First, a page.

3. Once rested, divide the pasta dough into quarters, and quickly roll each quarter ten times at the broadest setting on your pasta machine, turning and folding the strips as you go. Then, cut each quarter in half; cover the remaining pieces of pasta to stop them drying out, and take each of the eight pieces of dough through the six-stage rolling process, reducing the thickness between the rollers with each stage.

4. Once each strip of pasta has finished its sixth roll, lay it on a floured cloth and place a row of teaspoons of filling (five or six, depending upon the exact length of the pasta strip) along the centre of the strip. Fold the strip over on itself, and use a pasta wheel seal the length of the folded strip and to cut between the spoonfuls of filling, to create square ravioli about and inch and a half square.

5. Repeat with the remaining pasta and filing (I generally find I run out of filling while I still have some pasta dough left - enough for a fettucine starter the following day). Cook for about three minutes in a large pan of boiling, salted water.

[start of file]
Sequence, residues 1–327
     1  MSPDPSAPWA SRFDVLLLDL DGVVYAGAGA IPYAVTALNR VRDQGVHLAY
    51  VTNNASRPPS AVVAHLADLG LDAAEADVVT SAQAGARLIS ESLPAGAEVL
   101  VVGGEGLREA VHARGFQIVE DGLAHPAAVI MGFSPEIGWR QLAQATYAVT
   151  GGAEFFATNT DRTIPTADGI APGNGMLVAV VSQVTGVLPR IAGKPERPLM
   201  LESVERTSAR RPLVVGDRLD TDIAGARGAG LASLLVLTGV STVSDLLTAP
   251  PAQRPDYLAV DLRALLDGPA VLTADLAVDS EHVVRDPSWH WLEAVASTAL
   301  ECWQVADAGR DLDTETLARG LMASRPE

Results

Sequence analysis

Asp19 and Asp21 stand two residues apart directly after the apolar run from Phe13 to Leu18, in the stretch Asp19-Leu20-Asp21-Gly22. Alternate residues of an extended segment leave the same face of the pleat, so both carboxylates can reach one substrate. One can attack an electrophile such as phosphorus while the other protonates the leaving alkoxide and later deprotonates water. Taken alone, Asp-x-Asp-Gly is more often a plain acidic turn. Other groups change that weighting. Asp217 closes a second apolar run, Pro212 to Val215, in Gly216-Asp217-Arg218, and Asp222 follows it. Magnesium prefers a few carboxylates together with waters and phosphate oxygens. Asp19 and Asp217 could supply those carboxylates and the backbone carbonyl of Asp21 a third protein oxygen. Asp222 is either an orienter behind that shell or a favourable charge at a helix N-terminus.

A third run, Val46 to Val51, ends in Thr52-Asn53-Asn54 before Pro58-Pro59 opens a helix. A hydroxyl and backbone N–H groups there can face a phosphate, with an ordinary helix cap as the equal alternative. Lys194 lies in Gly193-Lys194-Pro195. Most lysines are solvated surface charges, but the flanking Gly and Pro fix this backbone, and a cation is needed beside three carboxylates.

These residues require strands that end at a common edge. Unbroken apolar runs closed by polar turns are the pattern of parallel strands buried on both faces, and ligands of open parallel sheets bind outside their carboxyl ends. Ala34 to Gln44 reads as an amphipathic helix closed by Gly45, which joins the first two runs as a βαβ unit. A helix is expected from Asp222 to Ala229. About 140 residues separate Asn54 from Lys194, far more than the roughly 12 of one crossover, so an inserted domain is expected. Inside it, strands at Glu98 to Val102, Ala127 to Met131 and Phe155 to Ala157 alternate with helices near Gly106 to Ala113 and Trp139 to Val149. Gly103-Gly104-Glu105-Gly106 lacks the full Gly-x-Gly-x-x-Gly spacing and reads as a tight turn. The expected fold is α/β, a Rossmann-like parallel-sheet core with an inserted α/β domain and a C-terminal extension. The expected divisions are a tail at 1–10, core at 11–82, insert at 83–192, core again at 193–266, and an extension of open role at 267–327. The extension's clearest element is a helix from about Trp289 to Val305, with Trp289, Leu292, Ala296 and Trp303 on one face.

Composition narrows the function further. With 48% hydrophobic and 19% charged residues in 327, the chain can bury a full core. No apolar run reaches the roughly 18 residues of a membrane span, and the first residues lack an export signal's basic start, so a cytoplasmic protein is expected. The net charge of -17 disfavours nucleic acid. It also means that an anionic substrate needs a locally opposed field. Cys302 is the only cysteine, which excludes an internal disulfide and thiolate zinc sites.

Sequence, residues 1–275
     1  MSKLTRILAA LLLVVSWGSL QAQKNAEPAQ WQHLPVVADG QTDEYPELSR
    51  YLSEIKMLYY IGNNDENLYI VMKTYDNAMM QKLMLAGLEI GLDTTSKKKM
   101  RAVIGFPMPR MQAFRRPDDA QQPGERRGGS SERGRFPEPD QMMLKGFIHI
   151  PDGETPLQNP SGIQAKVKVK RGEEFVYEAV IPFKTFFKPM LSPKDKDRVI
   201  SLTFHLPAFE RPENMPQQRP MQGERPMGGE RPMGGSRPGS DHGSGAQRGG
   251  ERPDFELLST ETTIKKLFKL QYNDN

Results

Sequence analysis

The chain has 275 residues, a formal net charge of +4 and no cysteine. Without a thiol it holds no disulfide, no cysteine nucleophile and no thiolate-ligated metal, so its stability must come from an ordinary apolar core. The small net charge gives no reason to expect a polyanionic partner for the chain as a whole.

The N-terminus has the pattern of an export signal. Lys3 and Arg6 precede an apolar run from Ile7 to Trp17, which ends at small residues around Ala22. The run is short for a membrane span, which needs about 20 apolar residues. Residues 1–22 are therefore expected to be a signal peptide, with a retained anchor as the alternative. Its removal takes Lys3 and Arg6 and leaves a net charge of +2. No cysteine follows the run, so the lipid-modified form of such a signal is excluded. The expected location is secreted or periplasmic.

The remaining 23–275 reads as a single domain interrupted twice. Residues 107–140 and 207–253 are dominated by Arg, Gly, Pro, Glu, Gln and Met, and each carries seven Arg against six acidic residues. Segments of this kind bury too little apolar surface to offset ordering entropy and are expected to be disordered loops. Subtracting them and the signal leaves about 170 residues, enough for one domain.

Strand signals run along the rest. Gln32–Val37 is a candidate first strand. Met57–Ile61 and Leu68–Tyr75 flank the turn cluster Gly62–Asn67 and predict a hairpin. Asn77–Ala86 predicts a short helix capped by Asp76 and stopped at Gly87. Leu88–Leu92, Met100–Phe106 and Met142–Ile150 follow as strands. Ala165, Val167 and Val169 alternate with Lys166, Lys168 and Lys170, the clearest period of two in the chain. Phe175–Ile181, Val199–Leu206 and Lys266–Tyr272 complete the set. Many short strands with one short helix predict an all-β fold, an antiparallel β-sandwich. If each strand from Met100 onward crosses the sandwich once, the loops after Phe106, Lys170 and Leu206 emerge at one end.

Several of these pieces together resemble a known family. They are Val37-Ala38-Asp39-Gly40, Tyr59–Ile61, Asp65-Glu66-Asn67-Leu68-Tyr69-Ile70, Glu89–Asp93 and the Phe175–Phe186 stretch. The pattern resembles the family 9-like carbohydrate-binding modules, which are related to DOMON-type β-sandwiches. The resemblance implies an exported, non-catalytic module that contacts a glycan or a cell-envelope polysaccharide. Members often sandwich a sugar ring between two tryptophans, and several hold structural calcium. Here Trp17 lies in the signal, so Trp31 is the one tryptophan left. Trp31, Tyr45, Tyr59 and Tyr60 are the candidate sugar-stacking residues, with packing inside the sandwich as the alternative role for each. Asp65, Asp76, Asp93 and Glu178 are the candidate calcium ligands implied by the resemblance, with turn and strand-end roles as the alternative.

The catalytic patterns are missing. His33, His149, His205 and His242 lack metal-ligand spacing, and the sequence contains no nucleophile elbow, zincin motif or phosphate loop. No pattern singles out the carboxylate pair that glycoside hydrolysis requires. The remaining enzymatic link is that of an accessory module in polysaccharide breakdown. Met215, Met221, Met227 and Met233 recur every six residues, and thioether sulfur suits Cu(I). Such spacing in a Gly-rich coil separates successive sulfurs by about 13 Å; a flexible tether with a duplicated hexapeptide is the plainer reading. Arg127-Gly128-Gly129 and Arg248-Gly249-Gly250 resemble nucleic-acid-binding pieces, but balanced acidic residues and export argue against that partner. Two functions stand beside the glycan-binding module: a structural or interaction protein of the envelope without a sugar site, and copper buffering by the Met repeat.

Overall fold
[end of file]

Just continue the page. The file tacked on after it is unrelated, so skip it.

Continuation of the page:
6. To serve: melt a couple of ounces of butter in a small saucepan, and add to this a half cup of double cream. Heat through for about a minute, to thicken slightly, as the pasta cooks, and then use gently to coat the ravioli once they've been drained.

Sunday 12 October 2008

Home & Hearth... a very welcome concept after a couple of weeks of practically non-stop travelling. Airports and planes, and poor (if not non-existent) internet connections...and hotel breakfasts (I don't normally have breakfast, but somehow business trips exist on an alternative plane, and all usual reference points count for nothing...) and early morning alarm calls....and endless, endless, endless hours of CNN reports on the global financial meltdown! I watched Lehmann Bros go bust in Mumbai, George W's bailout plan be given the bum's rush in Athens, and Fortis go belly-up in Munich! I'm hugely relieved to be back now in a blissfully TV-free environment, and able to ignore the whole damned thing....